Countless are the cases where Latter-day Saints have tried to pray the gay away, trusting and believing in their leaders’ assertions that homosexuality is a perversion, is impure and unnatural, is an abomination in the eyes of God. Innumerable (only because we can never know just how many Mormons have offered up such prayers in the secrecy of their closets [double entendre intended]) are the cases where gay Mormons have sought a witness, through the power of the Holy Ghost, that they can and will be “healed” of this affliction.
Countless though such cases be, I have never read nor heard an account where a gay Mormon has testified that they have received a spiritual witness that homosexuality is indeed an abomination, that they have received a witness that, though they were born gay, God expects them to deny who they are, condemn this aspect of themselves, and become “cured.”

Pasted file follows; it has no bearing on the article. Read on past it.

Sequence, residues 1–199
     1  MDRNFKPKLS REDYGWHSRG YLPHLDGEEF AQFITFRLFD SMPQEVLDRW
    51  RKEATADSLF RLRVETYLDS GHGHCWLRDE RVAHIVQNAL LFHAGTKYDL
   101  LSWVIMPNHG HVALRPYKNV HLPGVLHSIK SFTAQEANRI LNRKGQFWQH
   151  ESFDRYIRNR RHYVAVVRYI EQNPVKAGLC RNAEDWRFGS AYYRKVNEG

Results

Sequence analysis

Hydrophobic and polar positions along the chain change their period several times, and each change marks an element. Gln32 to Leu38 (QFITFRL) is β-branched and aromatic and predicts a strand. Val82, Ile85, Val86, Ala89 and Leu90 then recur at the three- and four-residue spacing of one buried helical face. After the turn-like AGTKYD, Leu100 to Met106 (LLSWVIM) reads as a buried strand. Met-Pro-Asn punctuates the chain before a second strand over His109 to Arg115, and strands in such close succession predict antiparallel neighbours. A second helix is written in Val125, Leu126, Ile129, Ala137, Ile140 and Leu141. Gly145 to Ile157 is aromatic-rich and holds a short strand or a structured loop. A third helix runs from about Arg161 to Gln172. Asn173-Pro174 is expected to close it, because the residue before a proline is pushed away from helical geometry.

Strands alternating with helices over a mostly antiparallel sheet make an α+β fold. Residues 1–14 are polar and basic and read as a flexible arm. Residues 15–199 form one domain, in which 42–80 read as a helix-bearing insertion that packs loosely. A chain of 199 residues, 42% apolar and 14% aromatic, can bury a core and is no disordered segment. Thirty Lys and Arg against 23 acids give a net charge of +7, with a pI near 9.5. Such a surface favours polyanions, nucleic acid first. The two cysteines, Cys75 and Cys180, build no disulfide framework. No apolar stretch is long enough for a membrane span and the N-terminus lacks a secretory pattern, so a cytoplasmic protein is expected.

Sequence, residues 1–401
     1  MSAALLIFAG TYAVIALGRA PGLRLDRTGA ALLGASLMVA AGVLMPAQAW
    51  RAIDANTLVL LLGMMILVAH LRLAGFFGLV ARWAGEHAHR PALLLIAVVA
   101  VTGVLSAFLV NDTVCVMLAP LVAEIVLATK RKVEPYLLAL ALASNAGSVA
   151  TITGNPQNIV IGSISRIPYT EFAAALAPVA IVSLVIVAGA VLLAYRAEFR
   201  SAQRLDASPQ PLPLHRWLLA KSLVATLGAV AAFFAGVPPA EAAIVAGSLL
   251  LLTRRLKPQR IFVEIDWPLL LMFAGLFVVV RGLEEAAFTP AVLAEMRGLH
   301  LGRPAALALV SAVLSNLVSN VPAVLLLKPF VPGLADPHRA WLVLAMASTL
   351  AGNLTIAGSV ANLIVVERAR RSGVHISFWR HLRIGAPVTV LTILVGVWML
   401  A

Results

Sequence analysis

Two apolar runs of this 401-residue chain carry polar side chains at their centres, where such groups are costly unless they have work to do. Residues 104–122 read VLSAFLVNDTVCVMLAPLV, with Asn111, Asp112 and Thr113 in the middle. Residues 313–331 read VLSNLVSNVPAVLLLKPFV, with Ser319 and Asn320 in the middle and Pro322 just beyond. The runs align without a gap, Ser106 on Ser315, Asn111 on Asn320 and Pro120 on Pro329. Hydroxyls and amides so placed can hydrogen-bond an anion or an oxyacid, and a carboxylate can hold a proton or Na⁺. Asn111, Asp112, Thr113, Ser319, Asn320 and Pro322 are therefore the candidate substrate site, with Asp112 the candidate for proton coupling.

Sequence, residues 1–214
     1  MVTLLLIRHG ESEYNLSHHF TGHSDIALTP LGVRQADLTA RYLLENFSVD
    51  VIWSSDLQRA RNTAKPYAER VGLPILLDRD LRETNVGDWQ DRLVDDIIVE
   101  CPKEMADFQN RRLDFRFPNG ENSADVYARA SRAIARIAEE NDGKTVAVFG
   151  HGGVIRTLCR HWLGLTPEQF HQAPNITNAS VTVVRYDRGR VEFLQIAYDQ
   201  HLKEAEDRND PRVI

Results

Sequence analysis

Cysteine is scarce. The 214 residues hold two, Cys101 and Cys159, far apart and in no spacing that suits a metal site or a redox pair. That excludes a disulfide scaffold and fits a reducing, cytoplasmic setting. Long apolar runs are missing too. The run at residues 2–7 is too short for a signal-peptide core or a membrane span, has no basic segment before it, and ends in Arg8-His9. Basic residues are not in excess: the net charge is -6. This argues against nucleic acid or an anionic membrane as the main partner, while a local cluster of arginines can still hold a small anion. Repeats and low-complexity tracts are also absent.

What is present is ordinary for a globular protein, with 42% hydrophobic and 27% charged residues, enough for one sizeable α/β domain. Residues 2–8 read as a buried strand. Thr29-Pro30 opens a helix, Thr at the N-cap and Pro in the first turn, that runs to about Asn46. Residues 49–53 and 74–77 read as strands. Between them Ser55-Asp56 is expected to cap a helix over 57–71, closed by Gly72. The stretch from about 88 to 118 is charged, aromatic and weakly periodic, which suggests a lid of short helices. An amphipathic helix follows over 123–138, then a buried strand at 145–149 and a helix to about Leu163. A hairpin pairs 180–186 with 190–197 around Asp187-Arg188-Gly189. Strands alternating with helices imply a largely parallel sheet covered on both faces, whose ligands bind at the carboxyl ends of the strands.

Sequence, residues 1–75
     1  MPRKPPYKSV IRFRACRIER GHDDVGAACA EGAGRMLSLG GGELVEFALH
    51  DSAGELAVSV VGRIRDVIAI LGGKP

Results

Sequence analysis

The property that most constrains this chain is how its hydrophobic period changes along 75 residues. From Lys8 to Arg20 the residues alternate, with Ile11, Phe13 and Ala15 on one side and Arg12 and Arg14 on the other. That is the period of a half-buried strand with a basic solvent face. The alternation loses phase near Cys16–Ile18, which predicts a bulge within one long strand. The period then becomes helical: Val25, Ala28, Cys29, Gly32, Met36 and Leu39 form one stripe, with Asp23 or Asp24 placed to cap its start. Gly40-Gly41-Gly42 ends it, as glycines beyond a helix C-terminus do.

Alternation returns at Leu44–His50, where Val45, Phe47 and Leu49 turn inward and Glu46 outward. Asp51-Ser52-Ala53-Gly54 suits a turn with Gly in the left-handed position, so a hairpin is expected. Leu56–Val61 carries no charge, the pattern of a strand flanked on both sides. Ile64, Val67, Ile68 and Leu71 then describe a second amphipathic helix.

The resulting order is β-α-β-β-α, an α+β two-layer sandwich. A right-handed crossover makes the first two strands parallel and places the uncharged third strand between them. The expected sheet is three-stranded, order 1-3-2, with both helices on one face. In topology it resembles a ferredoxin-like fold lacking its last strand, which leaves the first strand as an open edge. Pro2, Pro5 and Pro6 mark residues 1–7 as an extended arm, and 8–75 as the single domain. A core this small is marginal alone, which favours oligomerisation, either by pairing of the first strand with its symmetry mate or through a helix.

I have, however, read a number of accounts where gay Mormons, after spending countless hours on their knees, have finally asked a different question and, wonder of wonders, have received an unexpected response by the power of the Holy Ghost, who testifies of the truth of all things. One such account is the following, available here:
“I nearly didn't survive as a result of the hatred I had developed for myself, due to the guidance I had received that being gay was immoral, wicked, sinful, and evil. Finally, just before I turned 18, a thought occurred to me that I should kneel down and ask Heavenly Father himself if being gay was so wrong. I had always been taught these things, but I had never actually asked for myself.